Before they go, the nuns decide to throw a block party for San Juan de Cheguez. A local loan shark mobster called The Banker (Robert Emhardt) shows up and demands Sister Irene pay back the loan she took from him to fund the festival. She tells him she refuses to pay him back and announces to everybody there that all of their debts are now paid. The Banker punches her in the face, a fight breaks out, and the two black power dudes come to Irene’s rescue. Nobody gets arrested, and the cops all look the other way because punching a nun is wack. 

Later, Michelle walks home and gets dressed for bed. Julio jumps through her window and attempts to rape her at knifepoint (FYI—this is somehow a G-rated movie) but John hears her screams and punches Julio out. Time passes, and we see John visiting Michelle at the convent. We find out Barbara has left the convent to be a part of ’60s protest movements. Michelle, meanwhile, is still struggling with her feelings for John. The movie ends with everybody in church singing, and Michelle’s eyes darting from the statues of Jesus and Mary to John’s face—we do not know which she chooses.

What a waste of talent. Here you have a dream team of Mary Tyler Moore and Elvis Presley in what easily could have been the Viva Las Vegas of uplifting sociopolitical drama. Instead, it’s a half-baked after school special about nuns. I almost want to be nicer to this movie, knowing it’s Elvis’ last, but I just can’t help but be shocked at how insincere it is—especially in 1969, a year full of sincere and brutally honest cinema: Easy Rider, Midnight Cowboy, They Shoot Horses, Don’t They?, Kes, and Z, just to name a few game changers. 

I know this is my cynicism talking, but the last thing anybody wanted to hear in 1969 was a sermon about we should try harder to be better within the confines of rules forced upon us from ‘higher powers’ (corporal or otherwise). This film is the literal antithesis of the year 1969—a year of revolt, disenchantment, and social revolution. And while this film does not have a chastising tone (I won’t completely throw it under the bus, as the nuns are all depicted as genuine people who want to do good), it certainly isn’t honest about its depiction of the ghetto, or its belief in social change. Plus, its message that good intentions can somehow fix socioeconomic barriers just comes off as completely tone-deaf.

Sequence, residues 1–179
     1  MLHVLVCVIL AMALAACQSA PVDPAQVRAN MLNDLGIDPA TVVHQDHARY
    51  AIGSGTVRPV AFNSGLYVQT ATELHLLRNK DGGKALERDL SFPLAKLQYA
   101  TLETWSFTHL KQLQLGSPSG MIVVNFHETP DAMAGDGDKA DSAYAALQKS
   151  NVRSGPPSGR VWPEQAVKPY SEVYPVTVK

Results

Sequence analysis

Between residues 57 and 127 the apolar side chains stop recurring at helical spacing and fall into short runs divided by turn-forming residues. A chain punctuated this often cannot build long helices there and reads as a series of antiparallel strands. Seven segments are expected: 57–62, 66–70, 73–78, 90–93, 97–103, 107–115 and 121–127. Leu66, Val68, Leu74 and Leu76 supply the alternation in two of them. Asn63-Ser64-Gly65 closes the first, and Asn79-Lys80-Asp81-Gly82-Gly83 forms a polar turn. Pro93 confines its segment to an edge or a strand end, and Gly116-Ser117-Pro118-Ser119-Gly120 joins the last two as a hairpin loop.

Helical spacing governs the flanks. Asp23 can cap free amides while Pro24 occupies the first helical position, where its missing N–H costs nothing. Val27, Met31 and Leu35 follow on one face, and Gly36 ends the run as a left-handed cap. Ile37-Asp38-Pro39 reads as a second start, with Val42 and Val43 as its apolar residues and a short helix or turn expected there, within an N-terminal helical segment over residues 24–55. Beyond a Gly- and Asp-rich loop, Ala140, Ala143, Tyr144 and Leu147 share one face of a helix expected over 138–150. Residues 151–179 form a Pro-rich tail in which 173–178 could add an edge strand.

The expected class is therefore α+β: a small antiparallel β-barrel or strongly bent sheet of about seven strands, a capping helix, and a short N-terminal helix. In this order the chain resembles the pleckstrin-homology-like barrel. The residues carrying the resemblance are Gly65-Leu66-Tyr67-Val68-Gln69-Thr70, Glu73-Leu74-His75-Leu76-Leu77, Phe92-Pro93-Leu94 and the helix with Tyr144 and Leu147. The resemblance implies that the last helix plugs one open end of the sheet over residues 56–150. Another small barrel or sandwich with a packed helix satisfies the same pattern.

Am I being too harsh on an Elvis movie? Sure I am. I understand this movie was meant to be a splash of optimism in a sea of pessimism. They do attempt to show a level of depth with the local neighborhood inhabitants—I like that one of the nuns attempts to organize a protest based on how unfairly she sees the local grocer treat his Hispanic customers. I liked that there was a semi-positive nod to the black power movement. Julio is shown to have become disturbed from his violent father who doesn’t understand his needs. And they throw a spotlight on the out-of-touch, racist old guard of white church culture. I’ll even say it’s well-intentioned to show that even after the attempted rape, Mary Tyler Moore’s character makes a point to not press charges against the troubled young man, for he knows not what he does (or something). These nuns are shown to do well by this community because they make an effort to know and love the people around them. 

However, while all of the nuns grow as people, evolving in their understanding of themselves and their faith, the film drops the ball by implying that the neighborhood somehow evolves and betters itself from their influence. By the end of the movie, everybody’s in Church, the people learn how to better keep up appearances, the neighborhood girls learn how to dress like ladies, and heck, even the autistic girl is ‘cured.’ To imply that problems of poverty, violence, crime, and racism were solved simply with ice cream, carousels, touch football, block parties, and proclamations of love is simply a product of the insincere Hollywood model from a decade earlier. Their good intentions become a superficial band-aid over the gaping maw of social and societal wounds; the film’s attempted optimism quickly goes from uplifting to inert.

But, to change gears here, let’s focus on what we really came for—and that is Dr. Elvis Presley, M.D. This movie is, hands down, the hottest Elvis has ever looked—he’s thin, his side burns are killing it, his hair is gel-free, and he truly looks at peace. They say confidence is the most attractive quality in a person, and it sure does radiate outta Elvis in this one. Except, it’s a different type of confidence—this is Elvis at his most Zen. After the success of the ’68 comeback special and the renewal of his live shows, it’s almost as if Elvis has transcended his film career at this point. Just as the movie ends, with cuts between images of Elvis’ smiling face and Jesus’ face, Elvis, too, ascends to his heavenly throne of musical God canon—or something. I don’t know, sorry guys.

But really, it’s a pity this King Elvis Zen was wasted on this false prophet of a film, this Judas of a movie. (Okay, I’ll stop for real this time.)  Elvis finally gets that dramatic role he’s been desperately begging for, and his film career ends—ugh! What a shame too, because this ’69 Elvis shows such promise—which, we all know, of course, comes to a sad conclusion a mere eight years later when Elvis dies in 1977.